Kirsten Swanson
I just can't get enough of the series. Most of the book felt like exposition, and then all of the sudden the promised good vs evil conflict was on. So much of the worldview and explanation for good and evil feels so true to me. There was one element of the ending that felt untrue and didn't seem right, so I had to remember that it's fiction. I hate having to remember that, ha. Right up until that point, I really did enjoy the book.
Mike Aragona
I have to say that the introduction of Nita's sister into the Wizardy world was partially expected, but still highly entertaining. Talk about how much someone can be capable of doing if they don't know they shouldn't be able to do it! [return][return]I must admit that it was a little strange to be almost at the end of the book and not remember that Dairine is the youngest wizard in the series. She certainly acted/ spoke like a much more mature person but perhaps that had to do with her above-ave...more
Another solid and enjoyable entry in the series. I have to admit that one of the reasons I didn't like it as much as, say, "Deep Wizardry" can be expressed in one word. Dairine. Oh, she's a believable character - smart, aggressive and determined, but also abrasive. In this book, the 11-year-old, frustrated that her big sister has gotten ahead of her, finds that she is also a wizard. She takes the oath and finds her manual in the family's new computer. Making a copy, she sets off for Mars, not re...more
I really liked this book, and if I could I'd give it 4.5 stars. It gets a 4 and not a 5 because the end of the book got a bit confusing, and I'm not sure yet if I entirely like where Duane is going with Darine. However, she's brilliantly written; enough of the bratty kid to make me annoyed with her and yet I still love her and sympathise with her.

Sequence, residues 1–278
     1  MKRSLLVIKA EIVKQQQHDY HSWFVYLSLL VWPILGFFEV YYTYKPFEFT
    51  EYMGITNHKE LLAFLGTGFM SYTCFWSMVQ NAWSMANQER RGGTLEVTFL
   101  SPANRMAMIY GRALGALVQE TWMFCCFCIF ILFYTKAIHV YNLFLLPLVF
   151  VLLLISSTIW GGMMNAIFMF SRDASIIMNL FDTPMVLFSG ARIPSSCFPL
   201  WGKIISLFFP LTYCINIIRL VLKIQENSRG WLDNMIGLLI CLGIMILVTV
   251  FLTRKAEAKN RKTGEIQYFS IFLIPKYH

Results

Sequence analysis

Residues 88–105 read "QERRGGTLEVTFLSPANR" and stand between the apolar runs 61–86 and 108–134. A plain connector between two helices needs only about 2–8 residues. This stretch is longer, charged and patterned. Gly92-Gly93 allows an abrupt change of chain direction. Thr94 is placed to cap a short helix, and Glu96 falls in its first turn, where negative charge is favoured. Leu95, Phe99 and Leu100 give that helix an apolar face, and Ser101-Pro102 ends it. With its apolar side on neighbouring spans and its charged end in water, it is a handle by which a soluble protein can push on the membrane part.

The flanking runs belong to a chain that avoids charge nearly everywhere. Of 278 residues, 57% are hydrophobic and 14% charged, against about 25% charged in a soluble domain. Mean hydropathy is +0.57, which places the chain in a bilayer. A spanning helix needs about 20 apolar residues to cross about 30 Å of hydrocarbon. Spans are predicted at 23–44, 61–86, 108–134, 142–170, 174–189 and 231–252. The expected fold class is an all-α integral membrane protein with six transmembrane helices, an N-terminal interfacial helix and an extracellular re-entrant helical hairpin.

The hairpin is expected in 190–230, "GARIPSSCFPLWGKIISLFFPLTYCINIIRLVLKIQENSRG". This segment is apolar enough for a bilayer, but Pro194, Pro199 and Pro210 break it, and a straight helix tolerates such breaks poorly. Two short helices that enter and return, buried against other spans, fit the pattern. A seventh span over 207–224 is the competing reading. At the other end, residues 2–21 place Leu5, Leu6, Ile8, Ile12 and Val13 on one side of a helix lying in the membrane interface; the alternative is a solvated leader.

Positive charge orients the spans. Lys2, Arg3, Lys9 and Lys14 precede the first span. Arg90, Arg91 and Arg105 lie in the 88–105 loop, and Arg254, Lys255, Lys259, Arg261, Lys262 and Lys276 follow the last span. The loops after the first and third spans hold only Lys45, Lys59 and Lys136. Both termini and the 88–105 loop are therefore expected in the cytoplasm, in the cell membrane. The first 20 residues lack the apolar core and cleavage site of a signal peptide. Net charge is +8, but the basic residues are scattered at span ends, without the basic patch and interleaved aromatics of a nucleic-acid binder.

My favourite bit is hands down the encounter with the blonde humanoid who was obviously meant to be the Fifth Doctor (TvTropes told me this ages ago, b...more
Dylan Tomorrow
Pheeew! That was something else! Dairine, you bad-ass mofo!

Again, sentences so beautiful they make me cry and read them aloud. A transcendent magic in those words, otherworldly, welcome, gladly taken in ...

I am in love with this book right now. And may or may not want to marry it :D. Even though it did get boring in the middle with all that technobabble. But the end redeemed all of that thricefold. That's the kind of magic I want from my fantasy&scifi stories! The ineffable. The overwhelming...more
This story is about this girl, Nita found out that her sister, Dairine is a wizard. That means she has unllimited powers and she is smart. When Dairine let off an adventure about computer technology, Nita and her best friend, Kit try to rescue her or else she gets in big trouble before Dairine's brain can't catch her. Will they accomplish their goal? What I think about this book is that it gets me really bored in the middle of the story because all they talk there is about computer and technolog...more
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Diane Duane has been a writer of science fiction, fantasy, TV and film for more than thirty years.
Besides the 1980's creation of the Young Wizards fantasy series for which she's best known, the "Middle Kingdoms" epic fantasy series, and numerous stand-alone fantasy or science fiction novels, her career has included extensive work in the Star Trek TM universe, and many scripts for live-action and a...more
More about Diane Duane...
So You Want to Be a Wizard (Young Wizards, #1) Deep Wizardry (Young Wizards, #2) A Wizard Abroad (Young Wizards, #4) Wizard's Holiday (Young Wizards, #7) The Wizard's Dilemma (Young Wizards, #5)

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“Something always happens. You still have to promise stuff anyway. If you have to work to make the promises true... it's like a spell. You have to say the words every time you want the results.” 27 likes
“Power," Nita heard her father say behind her. "Creation. Forces from before time. This is--this business is for saints, not children!"
Even saints have to start somewhere," Carl said softly. "And it's always been the children who have saved the universe from the previous generation and remade the universe in their own image.”